posted by WowLookStars at 1:08 PM on December 2, 2010

To clarify - I went back to school because I decided that a job where I was on the computer constantly was a crappy job for me. I learned how to work with metal and set stones when I went back. I'm pretty sure I could have gotten a jewelry-cad job without that, if I had wanted one, which I didnt. :)
posted by WowLookStars at 1:10 PM on December 2, 2010

I've found architecture grads to be the most generally qualified for just about everything. It seems they've learned to learn, have an iron-clad work ethic, and understand teamwork. They also appreciate that they will be a disciple, not a star, at first.
posted by StickyCarpet at 1:15 PM on December 2, 2010 [1 favorite]

I don't know if it's "outside of architecture," strictly speaking, but my father-in-law is a structural engineer, and he's usually got a staff of recently-graduated architects handling the CAD work he can't be bothered with.
posted by lekvar at 1:42 PM on December 2, 2010

Have you seen Architect's Working Outside the Box series? It might be useful for some ideas.

I'll (hopefully) be an architecture grad, similarly with some experience, by summer and if my 3d skills were strong I'd be seriously considering 3d modeling/cgi for games or movies.
posted by carbide at 2:37 PM on December 2, 2010

ARCHINECT, not Architect - sorry, typing across a site model (seriously!)
posted by carbide at 2:47 PM on December 2, 2010

I'm in a pretty similar situation, only with a little more work experience. Since you're good at computer modeling and rendering, you might want to see if firms have anything they'd like to contract out to you. Contractors might want someone who can do drawings here and there, though they're also kind of dead. I had some luck applying to places that needed furniture and store fixture drawings, but had been doing that at my last "architecture" job. I'd try anywhere that drafts or models things. Through volunteering with our local pro-bono design group, another friend got a job managing the AIA's bookstore. Another makes fabric stuff for an etsy shop. See if you can find someone who builds event displays/booths (like for conventions). I was thinking of apply for sales jobs at some high-end furniture and fixture places in town.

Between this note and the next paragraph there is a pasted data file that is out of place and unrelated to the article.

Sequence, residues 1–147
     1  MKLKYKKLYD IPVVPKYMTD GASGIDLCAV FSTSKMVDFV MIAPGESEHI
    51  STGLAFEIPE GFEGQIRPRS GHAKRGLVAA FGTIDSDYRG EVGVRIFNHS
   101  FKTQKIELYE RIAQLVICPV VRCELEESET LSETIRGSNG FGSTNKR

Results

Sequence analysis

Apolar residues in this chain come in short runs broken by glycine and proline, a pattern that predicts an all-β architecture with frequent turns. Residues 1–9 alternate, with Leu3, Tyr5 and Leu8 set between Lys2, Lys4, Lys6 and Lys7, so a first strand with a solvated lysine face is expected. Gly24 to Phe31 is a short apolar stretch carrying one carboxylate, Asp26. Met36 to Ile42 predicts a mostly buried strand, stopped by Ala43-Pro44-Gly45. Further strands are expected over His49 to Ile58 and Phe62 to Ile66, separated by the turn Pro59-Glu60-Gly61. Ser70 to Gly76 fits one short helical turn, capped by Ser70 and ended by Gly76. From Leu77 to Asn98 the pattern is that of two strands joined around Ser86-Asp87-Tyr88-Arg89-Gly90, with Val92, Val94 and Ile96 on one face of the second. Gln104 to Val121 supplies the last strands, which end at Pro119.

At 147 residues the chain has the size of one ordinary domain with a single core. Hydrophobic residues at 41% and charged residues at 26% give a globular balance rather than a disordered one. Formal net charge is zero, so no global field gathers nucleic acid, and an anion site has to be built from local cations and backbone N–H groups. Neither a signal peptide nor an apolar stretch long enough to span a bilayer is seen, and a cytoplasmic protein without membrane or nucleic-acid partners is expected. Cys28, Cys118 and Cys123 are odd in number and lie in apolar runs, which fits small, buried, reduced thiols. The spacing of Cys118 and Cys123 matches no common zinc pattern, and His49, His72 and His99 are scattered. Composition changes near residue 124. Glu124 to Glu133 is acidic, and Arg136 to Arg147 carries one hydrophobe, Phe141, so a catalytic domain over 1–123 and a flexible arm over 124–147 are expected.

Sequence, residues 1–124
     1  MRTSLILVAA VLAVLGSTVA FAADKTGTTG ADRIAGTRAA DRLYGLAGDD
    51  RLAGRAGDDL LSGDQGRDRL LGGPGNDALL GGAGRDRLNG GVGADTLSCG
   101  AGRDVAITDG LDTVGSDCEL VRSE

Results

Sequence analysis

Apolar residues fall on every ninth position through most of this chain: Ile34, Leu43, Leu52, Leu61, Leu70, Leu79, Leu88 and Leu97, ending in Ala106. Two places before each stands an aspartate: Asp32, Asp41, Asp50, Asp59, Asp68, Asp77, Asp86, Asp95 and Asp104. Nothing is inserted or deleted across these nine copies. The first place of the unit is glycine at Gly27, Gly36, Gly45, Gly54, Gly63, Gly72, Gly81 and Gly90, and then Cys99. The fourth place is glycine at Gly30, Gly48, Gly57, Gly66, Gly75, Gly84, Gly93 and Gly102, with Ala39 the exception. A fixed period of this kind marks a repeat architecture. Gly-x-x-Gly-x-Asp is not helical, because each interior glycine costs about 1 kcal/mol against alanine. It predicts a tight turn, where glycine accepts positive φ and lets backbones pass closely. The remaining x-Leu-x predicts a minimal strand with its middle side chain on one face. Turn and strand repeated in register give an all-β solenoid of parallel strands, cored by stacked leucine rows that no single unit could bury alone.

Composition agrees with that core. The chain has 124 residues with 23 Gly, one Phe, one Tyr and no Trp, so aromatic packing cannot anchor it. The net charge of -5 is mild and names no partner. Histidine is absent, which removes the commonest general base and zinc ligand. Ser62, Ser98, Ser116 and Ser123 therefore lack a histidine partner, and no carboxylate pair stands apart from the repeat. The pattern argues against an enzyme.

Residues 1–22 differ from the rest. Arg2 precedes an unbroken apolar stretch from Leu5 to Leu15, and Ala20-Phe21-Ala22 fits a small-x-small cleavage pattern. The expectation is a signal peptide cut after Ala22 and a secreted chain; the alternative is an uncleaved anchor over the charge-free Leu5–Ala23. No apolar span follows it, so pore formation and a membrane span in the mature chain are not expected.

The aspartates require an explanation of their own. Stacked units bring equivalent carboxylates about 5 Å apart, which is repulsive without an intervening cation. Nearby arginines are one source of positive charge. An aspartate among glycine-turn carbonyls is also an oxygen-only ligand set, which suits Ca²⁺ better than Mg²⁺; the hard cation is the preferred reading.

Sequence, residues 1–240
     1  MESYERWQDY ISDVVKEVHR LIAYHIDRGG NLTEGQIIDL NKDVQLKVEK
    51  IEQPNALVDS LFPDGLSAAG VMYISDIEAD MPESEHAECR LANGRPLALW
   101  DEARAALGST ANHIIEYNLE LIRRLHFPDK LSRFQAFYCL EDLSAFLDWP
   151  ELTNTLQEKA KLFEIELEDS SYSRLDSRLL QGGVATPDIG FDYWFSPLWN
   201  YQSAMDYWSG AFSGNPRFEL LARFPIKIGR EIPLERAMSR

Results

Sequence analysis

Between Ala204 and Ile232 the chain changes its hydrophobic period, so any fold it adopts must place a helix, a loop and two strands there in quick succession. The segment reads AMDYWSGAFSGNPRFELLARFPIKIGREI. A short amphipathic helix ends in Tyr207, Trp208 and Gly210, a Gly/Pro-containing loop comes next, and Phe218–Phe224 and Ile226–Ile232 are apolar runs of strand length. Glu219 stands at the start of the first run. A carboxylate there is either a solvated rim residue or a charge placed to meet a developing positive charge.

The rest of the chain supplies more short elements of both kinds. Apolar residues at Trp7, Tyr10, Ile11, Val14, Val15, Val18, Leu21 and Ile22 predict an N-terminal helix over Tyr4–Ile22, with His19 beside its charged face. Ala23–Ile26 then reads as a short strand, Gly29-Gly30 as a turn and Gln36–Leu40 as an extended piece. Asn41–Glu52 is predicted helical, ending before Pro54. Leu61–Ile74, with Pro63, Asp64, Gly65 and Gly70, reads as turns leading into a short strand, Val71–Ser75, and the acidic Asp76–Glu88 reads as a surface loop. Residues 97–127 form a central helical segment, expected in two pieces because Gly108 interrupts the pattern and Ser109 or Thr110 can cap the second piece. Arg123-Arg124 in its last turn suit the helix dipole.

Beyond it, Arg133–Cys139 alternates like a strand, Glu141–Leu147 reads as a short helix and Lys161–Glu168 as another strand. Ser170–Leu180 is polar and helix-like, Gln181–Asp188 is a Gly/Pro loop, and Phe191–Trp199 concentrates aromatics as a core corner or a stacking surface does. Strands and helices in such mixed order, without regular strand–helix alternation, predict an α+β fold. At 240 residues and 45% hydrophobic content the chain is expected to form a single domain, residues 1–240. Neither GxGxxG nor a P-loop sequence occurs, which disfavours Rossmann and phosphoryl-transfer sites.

I totally failed at breaking out of architecture for the last, er, year and half, but have had luck at last getting a response from the city government jobs I applied for. I applied months and months ago, but it was pretty painless. I know CA is broke, but so is Philly, so you never know.
posted by sepviva at 3:16 PM on December 2, 2010

Here in Australia, government departments that build and manage institutional buildings (eg education, health, corrections) often hire architecture grads as civil servants. I don't know exact details, but I'd guess it gives them people on their own staff who can liaise with departments that specialize in infrastructure, check and manage their architectural and building contractors' work, and who know what maintenance needs to be done over time.
posted by Ahab at 4:00 AM on December 3, 2010